These days I don't see as much of the grandkids as I used to, so I take an interest in the other families around the beach.
The photo collage gives you little glimpse of some of our neighbours. There are many, many more who prefer to be heard and not seen. In fact the air is usually so full of birdsong that I rarely put my music on. Back in town I often had music playing as an alternative to listening to air and road traffic noises.
You already know my favourites are the Brahminy Kite family. Their baby is now flying, but I haven't seen him in action yet. The Nankeen Night Heron regularly roosts in the top canopy of our biggest mango tree. He would prefer to be closer to the sea, but was probably forced to improvise following Cyclone Yasi and the lack of foliage left on most trees. Blue Winged Kookaburras regularly wake us up with their strange half laugh. They are also called Barking Kookaburras, but whoever came up with that name must have had a strange dog.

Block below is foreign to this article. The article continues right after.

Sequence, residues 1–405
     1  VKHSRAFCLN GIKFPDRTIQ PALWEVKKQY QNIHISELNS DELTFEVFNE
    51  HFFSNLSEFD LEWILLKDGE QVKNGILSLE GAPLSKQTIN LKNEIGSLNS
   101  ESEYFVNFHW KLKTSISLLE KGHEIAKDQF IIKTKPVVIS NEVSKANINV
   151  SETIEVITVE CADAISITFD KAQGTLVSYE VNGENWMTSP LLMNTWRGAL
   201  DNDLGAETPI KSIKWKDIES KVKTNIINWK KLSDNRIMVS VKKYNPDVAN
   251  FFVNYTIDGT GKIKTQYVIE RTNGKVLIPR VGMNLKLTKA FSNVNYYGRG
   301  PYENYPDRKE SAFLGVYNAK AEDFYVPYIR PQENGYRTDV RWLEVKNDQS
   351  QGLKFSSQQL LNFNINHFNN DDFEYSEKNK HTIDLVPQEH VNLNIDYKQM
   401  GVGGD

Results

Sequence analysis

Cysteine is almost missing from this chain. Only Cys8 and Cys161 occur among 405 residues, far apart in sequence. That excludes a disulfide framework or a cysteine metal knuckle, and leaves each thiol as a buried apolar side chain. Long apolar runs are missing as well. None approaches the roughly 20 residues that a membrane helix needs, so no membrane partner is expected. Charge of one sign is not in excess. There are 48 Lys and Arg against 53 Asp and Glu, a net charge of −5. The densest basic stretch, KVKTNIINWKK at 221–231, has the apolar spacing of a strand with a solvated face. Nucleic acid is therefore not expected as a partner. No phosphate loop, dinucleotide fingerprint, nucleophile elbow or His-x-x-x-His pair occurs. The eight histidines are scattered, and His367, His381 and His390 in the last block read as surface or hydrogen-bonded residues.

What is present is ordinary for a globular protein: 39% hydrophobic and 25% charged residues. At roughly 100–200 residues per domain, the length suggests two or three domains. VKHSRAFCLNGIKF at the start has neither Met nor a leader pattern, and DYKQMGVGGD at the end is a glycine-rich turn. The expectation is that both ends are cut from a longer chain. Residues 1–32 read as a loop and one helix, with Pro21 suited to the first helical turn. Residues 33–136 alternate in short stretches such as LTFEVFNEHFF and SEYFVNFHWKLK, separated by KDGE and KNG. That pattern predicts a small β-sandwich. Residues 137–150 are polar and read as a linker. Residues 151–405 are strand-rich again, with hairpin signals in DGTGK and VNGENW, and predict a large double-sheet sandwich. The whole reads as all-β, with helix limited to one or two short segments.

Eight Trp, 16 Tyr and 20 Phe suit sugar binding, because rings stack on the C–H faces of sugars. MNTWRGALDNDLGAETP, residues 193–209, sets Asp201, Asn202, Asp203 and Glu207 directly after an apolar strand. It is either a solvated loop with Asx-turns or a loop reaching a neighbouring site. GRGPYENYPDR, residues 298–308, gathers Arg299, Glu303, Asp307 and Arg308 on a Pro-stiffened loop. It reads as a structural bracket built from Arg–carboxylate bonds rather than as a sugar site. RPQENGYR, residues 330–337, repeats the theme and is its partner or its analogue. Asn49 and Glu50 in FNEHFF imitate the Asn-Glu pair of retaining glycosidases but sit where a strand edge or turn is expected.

Spangled Drongos are an enigma. Someone said they are called Drongos after silly people, because they fly south in the winter (i.e. for northern hemisphere readers - our south is the coldest part of the country) making them appear silly. Some other 'expert' claimed that silly people are labelled Drongos after the birds. Which came first? I don't know.
Like I said, it's just a glimpse.
It really is a bird watcher's paradise as long as you want to watch the feathered variety. The only non-feathered variety is a migratory species usually referred to as the Grey Nomad. They are very common at this time of year, sometimes forming huge flocks that create problems for traffic and National Parks rangers.
They don't tolerate the heat of summer and when the weather warms up they all return to their nests.
I have worked as a Biology lab assistant, Pathology lab assistant, geochem lab assistant, land tenure researcher, hospital and prison chaplain, parish care coordinator and part owner of a small business. I have studied some science (no degrees) and have a theology and a chaplaincy certificate. I still love science of all types and enjoy studying theology. Science and theology belong together.
At present I am a work-at-home Grannysaurus.